Some of the best gigs are those that are greater than the sum of their individual parts. This was certainly the case with the show that Aidan Moffat and RM Hubbert played at Omeara to mark the closing of a musical chapter. What ensued was a special coming together of music and atmosphere, as entertaining interactions with the crowd and polished performance combined to produce a memorable show.
Last year saw the pair release two albums, their debut Here Lies The Body and its Christmas-themed follow-up Ghost Stories For Christmas. Rather than work on a third release however, they’ve decided to go their separate ways, something they’ve termed their “conscious uncoupling”.
Tonight begins with two tracks from Here Lies The Body and they show the contrasting styles to Moffat’s lyrics. Cockcrow sees him shining light on a human relationship and shows how, as he gets older, greater tenderness is creeping into his lyrics. Any over-sentimentality is quickly brushed aside immediately after however as he announces Mz. Locum to be “a song about shagging”. He may have written a few over the years that fall into that category but lines like “I’m her prurient proxy, her discounted doxy, without her, I’ll live but less so” also reveal a renewed love of language and articulation. It also sees him use a maraca, after which he declares how he “gets a bit more Liam Gallagher each time I play it”, threatening to “go the whole hog, arms behind my back and tambourine around my head”.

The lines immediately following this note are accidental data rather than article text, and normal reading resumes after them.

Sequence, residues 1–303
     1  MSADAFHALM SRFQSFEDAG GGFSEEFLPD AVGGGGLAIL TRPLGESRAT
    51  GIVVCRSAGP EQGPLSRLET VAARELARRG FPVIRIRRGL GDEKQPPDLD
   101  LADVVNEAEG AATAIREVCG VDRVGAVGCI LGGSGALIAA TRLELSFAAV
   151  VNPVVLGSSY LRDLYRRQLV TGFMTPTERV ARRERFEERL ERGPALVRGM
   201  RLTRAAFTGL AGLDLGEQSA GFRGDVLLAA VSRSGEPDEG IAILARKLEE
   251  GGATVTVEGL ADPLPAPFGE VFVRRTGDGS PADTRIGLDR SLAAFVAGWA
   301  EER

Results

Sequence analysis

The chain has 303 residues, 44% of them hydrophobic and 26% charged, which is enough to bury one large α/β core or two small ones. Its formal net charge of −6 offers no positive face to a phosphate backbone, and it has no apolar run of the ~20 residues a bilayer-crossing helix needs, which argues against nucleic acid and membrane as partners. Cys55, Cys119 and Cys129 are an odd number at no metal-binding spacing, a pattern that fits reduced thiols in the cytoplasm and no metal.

Everything Goes, one of the most beautiful moments on Here Lies The Body, is next, Moffat describing it as being about “the breakdown of a family unit” but shrouding it in knowing self-deprecation. He continues to excel at surfacing some of life’s difficult, downcast episodes in his lyrics but never gets too bogged down in the seriousness of it all. Ahead of the upbeat Party On he simply announces “right – dance time!” while Wolves Of The Wood is one of the more atmospheric moments of the set, all animal noises and processed vocals.
As the show goes on the anecdotes and stories increase in number. Hubbert jokes about his name being left off the sign outside the venue, impersonating someone at the venue; “Ah, it’s just Aidan Moffat and some other cunt”. Moffat quickly quips how that’s the name of his next band. We get a story about how Moffat was rejected as the voice of a Guinness advert for being “too Scottish”, some swearily-dismissive Brexit commentary and a tale about stage-diving at a Napalm Death concert (not from Moffat sadly, but by a friend) ahead of their highly succinct cover of You Suffer by the same band. Later, they play Only You by Yazoo and Moffat adds it to the list of unlikely covers he’s made his own over the years (with vocal assistance from the crowd).
Devils Of Dusk, a song about satanism is suitably darker and Fringe shows Moffat to be an increasingly adept storyteller, intertwining tales of bodily functions with philosophical astronomy. Later, he introduces Quantum Theory Love Song as “a song about justifying infidelity with quantum theory – we’ve all been there, right?” A request from an audience member for Glasgow Jubilee, a song Moffat wrote with former partner Bill Wells receives a strong reply from Hubbert (“I am a fucking person!”) but adds to the convivial, humorous nature of the show.
Tonight showed how, together, they expand the everyday into something poetic and poignant. Laughter plays an equally big role in the show and they ensure everyone leaves the venue with a smile on their face. This may have been the end of a particular phase but we can’t help but look forward to whatever comes next for both.